19. How long does the application take to be approved? How long does it take to get the EB-5 Green Card?

Due to the high volume of applications, processing times for EB-5 Petitions have increased in the recent years. The initial application process can take from 6 to 14 months depending on the application type and country or origin.

Taking the document collection phase, USCIS processing and adjustment of status in the US, or through the US Embassy all together, the total time to get the Conditional Green Card can take 1.5 years.

20. Can the EB-5 investment funds/money be given as a gift? Do I need to have earned the money myself?

Yes, the EB-5 investment can be given to the investor as a gift. However, the regular Source of Funds rules apply to that gift. Moreover, the gift must be unconditional and not required to be paid back.

21. What are “Source of Funds” for EB-5?

The Source of Funds refers to USCIS requirements that the EB-5 immigrant investment funds originate from lawful sources. The immigrant must prove the money was legally earned and legally transferred to the US. This aspect of the application requires a lot of documentation. A competent EB-5 Immigration Attorney will help you organize these documents.

22. Where can I find official information about the EB-5 Law?

You can visit the USCIS website section for EB-5: http://www.uscis.gov/working-united-states/permanent-workers/employment-based-immigration-fifth-preference-eb-5/eb-5-immigrant-investor.

23. What are the EB-5 legal/lawyer fees?

The filing fee for the initial petition is $1,500. The filing fee for the Petition to remove Green Card conditions is $3,835. Legal fees vary based on the type of application. For example, whether there is Direct Investment or investment in a Regional Center. This can range from $20,000 to $50,000.00 or more. There can be additional legal and filing fees for Adjustment of Status or National Visa Center/Embassy processing. There may also be additional translations fees and/or other costs associated with the application.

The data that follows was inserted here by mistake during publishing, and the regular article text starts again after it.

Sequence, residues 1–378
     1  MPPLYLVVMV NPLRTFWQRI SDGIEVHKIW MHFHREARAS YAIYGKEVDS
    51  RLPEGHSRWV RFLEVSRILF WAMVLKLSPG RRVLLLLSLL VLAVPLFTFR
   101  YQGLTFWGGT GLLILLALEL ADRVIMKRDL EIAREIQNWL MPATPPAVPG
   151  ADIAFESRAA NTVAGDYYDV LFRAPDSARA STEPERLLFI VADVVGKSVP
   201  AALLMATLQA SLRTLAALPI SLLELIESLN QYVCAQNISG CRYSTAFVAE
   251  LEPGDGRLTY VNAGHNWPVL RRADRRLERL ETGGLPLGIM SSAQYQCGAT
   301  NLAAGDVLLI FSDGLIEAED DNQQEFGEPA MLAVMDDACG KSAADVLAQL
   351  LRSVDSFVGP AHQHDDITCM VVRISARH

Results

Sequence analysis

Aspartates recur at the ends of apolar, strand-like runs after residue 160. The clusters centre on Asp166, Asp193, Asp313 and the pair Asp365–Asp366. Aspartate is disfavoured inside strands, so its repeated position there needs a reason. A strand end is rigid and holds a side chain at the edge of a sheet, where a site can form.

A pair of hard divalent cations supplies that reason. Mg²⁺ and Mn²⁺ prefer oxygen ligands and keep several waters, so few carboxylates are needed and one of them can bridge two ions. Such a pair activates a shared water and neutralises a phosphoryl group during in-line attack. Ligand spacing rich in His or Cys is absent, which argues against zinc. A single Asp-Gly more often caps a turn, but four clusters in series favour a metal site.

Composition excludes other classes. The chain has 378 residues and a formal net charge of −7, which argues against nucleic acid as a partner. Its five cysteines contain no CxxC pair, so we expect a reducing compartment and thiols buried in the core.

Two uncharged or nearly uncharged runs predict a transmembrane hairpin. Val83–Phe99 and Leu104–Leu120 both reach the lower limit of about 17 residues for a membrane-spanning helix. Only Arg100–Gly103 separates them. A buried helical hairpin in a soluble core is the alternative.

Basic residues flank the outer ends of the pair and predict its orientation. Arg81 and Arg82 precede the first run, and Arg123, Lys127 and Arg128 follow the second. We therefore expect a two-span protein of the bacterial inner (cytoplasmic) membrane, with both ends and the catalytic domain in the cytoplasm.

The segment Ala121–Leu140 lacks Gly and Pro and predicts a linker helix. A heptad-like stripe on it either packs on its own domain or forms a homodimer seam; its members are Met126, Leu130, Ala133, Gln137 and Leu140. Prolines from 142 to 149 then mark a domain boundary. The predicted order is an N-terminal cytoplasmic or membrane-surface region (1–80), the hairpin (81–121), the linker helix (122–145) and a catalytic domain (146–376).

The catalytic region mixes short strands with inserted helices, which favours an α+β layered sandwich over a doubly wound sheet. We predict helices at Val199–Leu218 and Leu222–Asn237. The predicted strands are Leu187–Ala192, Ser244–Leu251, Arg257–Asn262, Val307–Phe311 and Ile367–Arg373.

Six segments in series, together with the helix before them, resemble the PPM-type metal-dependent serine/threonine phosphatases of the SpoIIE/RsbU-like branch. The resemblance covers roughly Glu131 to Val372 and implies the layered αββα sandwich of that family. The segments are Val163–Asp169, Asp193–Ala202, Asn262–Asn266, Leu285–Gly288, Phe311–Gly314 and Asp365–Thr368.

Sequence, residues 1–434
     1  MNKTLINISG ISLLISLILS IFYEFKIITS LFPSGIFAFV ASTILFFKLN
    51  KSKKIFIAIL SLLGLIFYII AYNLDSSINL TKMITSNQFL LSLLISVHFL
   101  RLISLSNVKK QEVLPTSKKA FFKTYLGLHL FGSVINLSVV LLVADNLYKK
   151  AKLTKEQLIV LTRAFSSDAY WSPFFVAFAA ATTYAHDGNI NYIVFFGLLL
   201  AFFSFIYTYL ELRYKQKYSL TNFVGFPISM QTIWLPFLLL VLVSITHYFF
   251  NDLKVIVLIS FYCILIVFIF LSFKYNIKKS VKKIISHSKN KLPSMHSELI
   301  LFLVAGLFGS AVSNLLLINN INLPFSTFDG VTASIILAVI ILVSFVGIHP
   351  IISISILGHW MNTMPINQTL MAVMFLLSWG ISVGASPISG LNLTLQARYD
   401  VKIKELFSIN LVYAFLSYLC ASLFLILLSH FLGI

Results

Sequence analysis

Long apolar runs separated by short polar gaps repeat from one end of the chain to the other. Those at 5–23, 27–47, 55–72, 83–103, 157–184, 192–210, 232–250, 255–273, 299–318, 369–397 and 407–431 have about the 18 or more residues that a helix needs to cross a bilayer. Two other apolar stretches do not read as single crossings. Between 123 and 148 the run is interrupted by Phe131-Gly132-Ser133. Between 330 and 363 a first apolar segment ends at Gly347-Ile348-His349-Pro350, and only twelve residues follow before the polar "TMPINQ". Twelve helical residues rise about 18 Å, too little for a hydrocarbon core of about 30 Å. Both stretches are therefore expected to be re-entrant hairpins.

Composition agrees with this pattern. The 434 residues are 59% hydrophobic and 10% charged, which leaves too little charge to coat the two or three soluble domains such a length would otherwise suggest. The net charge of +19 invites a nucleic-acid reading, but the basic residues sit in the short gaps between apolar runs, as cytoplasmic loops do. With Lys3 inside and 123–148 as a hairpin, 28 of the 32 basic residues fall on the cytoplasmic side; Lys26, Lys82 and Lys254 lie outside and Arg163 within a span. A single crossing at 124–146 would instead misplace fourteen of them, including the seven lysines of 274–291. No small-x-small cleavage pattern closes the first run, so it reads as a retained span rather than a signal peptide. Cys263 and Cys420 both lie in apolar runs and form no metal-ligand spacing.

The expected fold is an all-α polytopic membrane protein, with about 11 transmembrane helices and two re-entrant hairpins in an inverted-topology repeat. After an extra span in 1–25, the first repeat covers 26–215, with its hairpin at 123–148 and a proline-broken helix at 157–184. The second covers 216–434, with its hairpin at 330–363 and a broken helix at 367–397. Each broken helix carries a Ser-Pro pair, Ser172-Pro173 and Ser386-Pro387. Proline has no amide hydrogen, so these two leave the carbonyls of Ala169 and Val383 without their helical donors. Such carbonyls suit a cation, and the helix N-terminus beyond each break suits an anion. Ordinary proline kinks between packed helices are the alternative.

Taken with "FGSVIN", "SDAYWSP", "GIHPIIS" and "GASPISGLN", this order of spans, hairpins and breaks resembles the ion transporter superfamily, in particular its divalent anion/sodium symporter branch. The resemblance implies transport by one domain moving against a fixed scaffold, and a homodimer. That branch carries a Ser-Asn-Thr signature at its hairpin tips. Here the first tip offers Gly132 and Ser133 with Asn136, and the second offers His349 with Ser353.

24. Can two immigrants invest in an EB-5 company together?

Yes, two immigrant investors can invest in a Regional Center together, or join to form a Direct Investment company. However, proper agreements are required. Consulting with an EB-5 Immigration Attorney before starting this process is recommended.

25. Where can I see a list of Regional Centers?

You can find a list of Regional Centers on the USCIS website: http://www.uscis.gov/working-united-states/permanent-workers/employment-based-immigration-fifth-preference-eb-5/immigrant-investor-regional-centers.

26. Is the investment guaranteed in the EB-5 Regional Center?

No. Your application will be denied or your green card will be rescinded if any of the investment funds have guarantees of return in any way.

27. What are the benefits of investing in a Regional Center as opposed to starting my own business?

Foreign investors may not have the knowledge, experience and language abilities to run a business in the United States. A Regional Center allows them to not be fully engaged in an ongoing US business, and allows them to focus on other areas. Moreover, Regional Centers can include “indirect jobs” they created as part of the job creation requirement.

28. Am I guaranteed a Green Card through EB-5?

No, it is illegal for any attorney to guarantee your case. Moreover, you may not be able to create the requisite number of jobs, or your application may have errors that cause it to be denied.

29. When can I apply for Citizenship (Naturalization) after getting EB-5 Green Card?

Once conditions of your conditional Green Card are removed and it becomes a Permanent Green Card, you can file for Naturalization according to the standard USCIS regulations.

30. Can I use income from the EB-5 business as investment funds?

No, all investment funds have to be provided separately as part of the initial investment. Interest or other earnings of the company can be reinvested in the company, but those funds cannot be used as part of the EB-5 investment capital. However, some funds that are earned can be reinvested in the if there is a long-term delay before petition for the visa.